The highly mechanised weapons handling system aboard HMS Queen Elizabeth is perhaps one of the most complex systems aboard, moving palletised munitions around the vessel to connect the magazines, hangar and flight deck.

Babcock Integrated Technology director Matt Hatson commented on the system:

“The HMWHS is the first maritime application of shore-based commercial warehousing processes using automated systems with all-electric control, adapted for safe transport and stowage of munitions in a warship environment.

Munitions can be delivered, in bulk, to the point of use at rates that could not be achieved manually, whilst minimising the manpower requirement in what is traditionally a labour-intensive process, thus delivering reduced through-life cost, as well as a saving in onboard living accommodation requirements.”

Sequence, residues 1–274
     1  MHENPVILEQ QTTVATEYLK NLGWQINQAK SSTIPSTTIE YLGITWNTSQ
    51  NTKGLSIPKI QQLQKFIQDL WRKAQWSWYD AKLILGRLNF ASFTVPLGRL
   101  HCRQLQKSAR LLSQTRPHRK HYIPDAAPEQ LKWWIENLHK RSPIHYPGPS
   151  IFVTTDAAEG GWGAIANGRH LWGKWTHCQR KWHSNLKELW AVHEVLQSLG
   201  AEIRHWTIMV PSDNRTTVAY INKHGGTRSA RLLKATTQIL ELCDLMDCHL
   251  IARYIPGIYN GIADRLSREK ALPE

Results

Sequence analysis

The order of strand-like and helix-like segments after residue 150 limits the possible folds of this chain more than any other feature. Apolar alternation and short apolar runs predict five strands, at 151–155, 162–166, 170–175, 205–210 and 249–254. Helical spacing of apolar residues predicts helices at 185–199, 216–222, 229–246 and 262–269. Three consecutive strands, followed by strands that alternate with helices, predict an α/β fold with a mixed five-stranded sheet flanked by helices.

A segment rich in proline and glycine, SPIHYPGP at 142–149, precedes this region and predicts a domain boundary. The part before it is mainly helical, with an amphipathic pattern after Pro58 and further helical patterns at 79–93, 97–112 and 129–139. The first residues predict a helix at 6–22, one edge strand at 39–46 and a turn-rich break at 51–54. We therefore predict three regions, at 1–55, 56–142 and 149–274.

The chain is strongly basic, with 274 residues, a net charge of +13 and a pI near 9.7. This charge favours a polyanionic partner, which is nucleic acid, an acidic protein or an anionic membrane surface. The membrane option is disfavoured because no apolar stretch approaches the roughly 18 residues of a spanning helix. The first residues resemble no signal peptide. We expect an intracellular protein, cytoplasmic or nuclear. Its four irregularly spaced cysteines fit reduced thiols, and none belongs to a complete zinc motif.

The HMWHS moves palletised munitions from the magazines and weapon preparation areas, along track ways and via several lifts, forward and aft or port and starboard.

The movement of munitions is achieved by 56 ‘moles’, each able to lift and move a payload to locations around the ship using dedicated tracks and lifts. The moles can transfer payloads between each other.

The tracks can carry a pallet to magazines, the hangar, weapons preparation areas, and the flight deck. In a change from normal procedures the magazines are unmanned, the movement of pallets is controlled from a central location, and manpower is only required when munitions are being initially stored or prepared for use